Pastiche Examples

Pastiche

Pastiche is a literary or artistic piece that is constructed to imitate a previous work. It is different from parody. The intention of a parody is to create a comical version of the original. A pastiche is meant to show respect and reverence for the work-imitation as a sincere form of flattery.

Examples of Pastiche:

The novel Scarlett by Alexandra Ripley is a 1991 pastiche of Gone With the Wind by Margaret Mitchell.


Elizabeth Aston wrote a pastiche of Jane Austen's Pride and Prejudice with her novel The Second Mrs. Darcy, which takes up the story of a Darcy cousin.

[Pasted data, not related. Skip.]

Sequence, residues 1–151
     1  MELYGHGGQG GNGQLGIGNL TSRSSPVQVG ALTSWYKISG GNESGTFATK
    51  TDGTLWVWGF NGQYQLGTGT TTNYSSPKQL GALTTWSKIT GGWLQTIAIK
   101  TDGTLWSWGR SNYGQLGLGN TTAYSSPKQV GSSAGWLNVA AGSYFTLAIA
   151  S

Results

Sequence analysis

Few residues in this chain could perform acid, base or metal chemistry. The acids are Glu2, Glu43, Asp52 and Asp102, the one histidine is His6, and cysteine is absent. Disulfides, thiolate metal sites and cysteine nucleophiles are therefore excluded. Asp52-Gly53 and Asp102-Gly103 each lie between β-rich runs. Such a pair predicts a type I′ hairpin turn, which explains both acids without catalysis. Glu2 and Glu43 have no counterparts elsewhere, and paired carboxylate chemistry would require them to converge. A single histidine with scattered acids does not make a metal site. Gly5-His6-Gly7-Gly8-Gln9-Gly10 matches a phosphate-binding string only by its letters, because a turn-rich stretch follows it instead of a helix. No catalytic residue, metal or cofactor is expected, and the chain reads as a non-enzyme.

Rosencrantz and Gildenstern are Dead, by Tom Stoppard is a pastiche of Hamlet. Rosencrantz and Gildenstern are two minor characters in Shakespare's play, but they take center stage in Stoppard's imitation.


The following lines are from a pastiche of Edgar Allan Poe's "The Raven":

Long ago upon a hilltop (let me finish then I will stop)

I espied a curious traveler where no traveler was before.

As I raised an arm in greeting all at once he took to beating

At the air like one entreating passing boats to come ashore.

     Dave McClure's "The Traveler"

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